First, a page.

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Rocking the cradle, milking the Third World dry  - Editorial


4 August 2013 06:13 pm - 0     - {{hitsCtrl.values.hits}}


Unlike the well-loved proverb about and love and influence of a mother, this is a case of the hand that rocked the cradle, milking the Third World dry. For several months the media have spotlighted the danger of agro-chemical contamination in some brands of imported milk powder. But the Rajapaksa regime is as usual mixing up the milk and honey with one ministry blaming the other for the inaction if not something worse that could cause serious harm to Sri Lanka’s people, especially hundreds of thousands of innocent children.  

Over the weekend the New Zealand Government announced it was suspending the exports of a baby formula produced by one of the world’s largest trans-national milk companies. It said the suspension would be in force till investigations were conducted on reports that this infant formula contained a toxic bacteria that could cause nausea, vomiting, diarrhea, paralysis and possible death if not treated properly. China which is one of this milk company’s biggest markets has stopped imports pending investigations. So have Russia and at least five other countries.   
 Last Friday, the 15,000-strong Government Medical Officers’ Association (GMOA) called on the Health Ministry to ban the import of powdered milk from New Zealand following a report by the Industrial Technological Institute (ITI) of the Ministry of Science and Technology. The ITI said it had conducted several tests on samples of this milk powder and found that they contained excessive amounts of an agro-chemical that could cause neurological, respiratory or kidney problems. The GMOA also said it would ask the CID to probe why the Health Ministry was not taking action despite the report by the ITI.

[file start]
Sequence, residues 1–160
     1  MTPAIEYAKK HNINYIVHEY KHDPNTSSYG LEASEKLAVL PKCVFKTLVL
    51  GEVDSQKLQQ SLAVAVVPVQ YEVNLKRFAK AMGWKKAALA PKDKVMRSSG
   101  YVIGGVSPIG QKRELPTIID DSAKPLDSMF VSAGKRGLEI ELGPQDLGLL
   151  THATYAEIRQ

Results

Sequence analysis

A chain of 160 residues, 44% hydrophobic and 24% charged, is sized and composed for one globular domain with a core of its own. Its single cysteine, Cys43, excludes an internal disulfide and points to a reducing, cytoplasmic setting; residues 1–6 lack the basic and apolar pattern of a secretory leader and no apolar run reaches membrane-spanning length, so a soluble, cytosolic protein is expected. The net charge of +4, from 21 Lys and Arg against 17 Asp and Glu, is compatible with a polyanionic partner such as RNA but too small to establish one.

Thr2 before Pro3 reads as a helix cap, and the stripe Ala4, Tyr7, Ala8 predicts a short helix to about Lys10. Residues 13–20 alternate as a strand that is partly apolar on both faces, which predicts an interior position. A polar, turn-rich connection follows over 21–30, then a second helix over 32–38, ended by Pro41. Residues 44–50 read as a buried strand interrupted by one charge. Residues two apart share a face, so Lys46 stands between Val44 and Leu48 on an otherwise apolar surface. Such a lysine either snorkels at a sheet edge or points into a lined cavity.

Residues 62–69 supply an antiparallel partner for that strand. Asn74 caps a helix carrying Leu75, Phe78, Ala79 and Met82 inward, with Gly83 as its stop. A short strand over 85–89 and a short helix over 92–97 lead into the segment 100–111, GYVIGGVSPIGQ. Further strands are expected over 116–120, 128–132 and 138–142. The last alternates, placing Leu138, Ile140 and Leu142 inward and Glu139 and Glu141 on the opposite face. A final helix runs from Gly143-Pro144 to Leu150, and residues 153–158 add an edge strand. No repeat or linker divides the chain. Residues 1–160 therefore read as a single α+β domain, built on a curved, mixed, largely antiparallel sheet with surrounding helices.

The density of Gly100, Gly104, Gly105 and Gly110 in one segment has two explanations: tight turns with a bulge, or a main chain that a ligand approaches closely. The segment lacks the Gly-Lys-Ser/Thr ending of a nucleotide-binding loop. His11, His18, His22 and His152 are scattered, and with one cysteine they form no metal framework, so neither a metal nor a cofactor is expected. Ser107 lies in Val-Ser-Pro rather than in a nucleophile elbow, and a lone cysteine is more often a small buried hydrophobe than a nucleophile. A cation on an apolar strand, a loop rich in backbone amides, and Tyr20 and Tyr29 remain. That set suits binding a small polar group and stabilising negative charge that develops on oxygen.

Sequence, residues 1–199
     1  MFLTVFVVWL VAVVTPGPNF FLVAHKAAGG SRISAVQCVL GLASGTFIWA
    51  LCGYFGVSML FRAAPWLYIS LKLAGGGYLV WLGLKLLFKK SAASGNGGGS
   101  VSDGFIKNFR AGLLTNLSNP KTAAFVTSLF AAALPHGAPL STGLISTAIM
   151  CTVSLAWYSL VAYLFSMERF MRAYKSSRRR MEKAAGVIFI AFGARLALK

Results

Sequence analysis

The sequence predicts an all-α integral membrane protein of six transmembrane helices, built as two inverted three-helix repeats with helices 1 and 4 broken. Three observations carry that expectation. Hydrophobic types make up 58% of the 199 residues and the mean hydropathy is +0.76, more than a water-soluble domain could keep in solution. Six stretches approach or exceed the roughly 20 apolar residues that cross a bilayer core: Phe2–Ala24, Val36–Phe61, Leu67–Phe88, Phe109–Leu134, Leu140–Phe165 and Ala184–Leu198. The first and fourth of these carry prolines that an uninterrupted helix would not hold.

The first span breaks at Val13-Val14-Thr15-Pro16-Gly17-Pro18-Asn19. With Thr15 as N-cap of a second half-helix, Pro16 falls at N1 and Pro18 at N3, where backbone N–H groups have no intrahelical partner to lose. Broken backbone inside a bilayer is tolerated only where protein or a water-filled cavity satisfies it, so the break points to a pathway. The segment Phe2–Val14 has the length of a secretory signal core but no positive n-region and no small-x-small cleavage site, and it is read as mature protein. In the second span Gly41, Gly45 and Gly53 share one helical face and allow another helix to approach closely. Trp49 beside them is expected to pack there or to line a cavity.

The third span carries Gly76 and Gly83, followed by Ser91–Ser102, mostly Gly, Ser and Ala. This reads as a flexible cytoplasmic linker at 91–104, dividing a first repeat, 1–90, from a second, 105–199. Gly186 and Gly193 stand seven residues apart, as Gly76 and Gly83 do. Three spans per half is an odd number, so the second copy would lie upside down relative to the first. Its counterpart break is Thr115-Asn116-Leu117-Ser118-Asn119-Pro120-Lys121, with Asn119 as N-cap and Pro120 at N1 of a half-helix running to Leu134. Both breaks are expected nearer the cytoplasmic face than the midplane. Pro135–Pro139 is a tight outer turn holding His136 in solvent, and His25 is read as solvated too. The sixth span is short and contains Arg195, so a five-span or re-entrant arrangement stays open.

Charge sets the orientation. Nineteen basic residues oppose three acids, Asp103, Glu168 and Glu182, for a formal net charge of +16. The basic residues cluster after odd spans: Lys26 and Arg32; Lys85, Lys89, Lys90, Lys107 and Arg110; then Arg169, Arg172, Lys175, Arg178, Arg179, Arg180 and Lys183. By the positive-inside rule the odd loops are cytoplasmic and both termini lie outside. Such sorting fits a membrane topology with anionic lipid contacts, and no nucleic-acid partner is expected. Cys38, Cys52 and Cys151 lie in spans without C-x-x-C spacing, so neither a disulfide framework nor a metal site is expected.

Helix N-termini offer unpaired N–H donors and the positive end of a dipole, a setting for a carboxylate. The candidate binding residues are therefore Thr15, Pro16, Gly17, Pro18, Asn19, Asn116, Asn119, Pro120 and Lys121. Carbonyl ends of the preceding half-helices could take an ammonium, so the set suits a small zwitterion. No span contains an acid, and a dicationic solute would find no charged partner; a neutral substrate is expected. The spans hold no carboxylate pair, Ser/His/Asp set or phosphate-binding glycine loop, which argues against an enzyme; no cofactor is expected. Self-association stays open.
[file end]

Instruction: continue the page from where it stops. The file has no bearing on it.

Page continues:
While the GMOA’s concern is appreciated, it is probably not aware that under the World Trade Organisation’s (WTO) regulations the ban of any item is not easy because of the free trade policy. Instead the Health Ministry and the Consumer Affairs Authority (CAA) need to take urgent and effective action to educate and make the people aware of the possible contamination and danger in imported milk powder and dairy milk products. Millions of village people especially need to be made aware of this danger because they are spending their hard-earned money to buy a product that could be harmful to the health especially of the children. We no longer have a state media but what is maintained at enormous public expense is a Government media—television, newspapers and radio stations-that are being used in a blatant and crude manner for propaganda of the ruling UPFA. Instead of this the Rajapaksas regime if it is concerned about the welfare and wellbeing of millions of people must use the public-funded media to make the people aware of the dangers in imported powder milk and other dairy products.
 Science and Technology Minister Champika Ranawaka has reportedly asked why civic society is not protesting about the possible danger in imported milk products. The minister is right. Civil society appears to be dead or dying and most people appear to have turned a virtue into a vice because their silence on such important issues is certainly not golden. The Minister also needs to ask professional bodies like the Nutrition Society of Sri Lanka as to why they are not warning the people and taking action on such dangers which are coming in the form of therapeutic nutritional supplements.

 As we have said earlier the long-term solution to this crisis over imported milk products is to take steps to revive Sri Lanka’s dairy milk industry which was a thriving and healthy industry till the 1970s when trans-national milk companies and their agents here gradually undermined it. We urge the Rajapaksa regime to put Sri Lanka’s development plans on the milky-way by reviving the dairy milk industry.  

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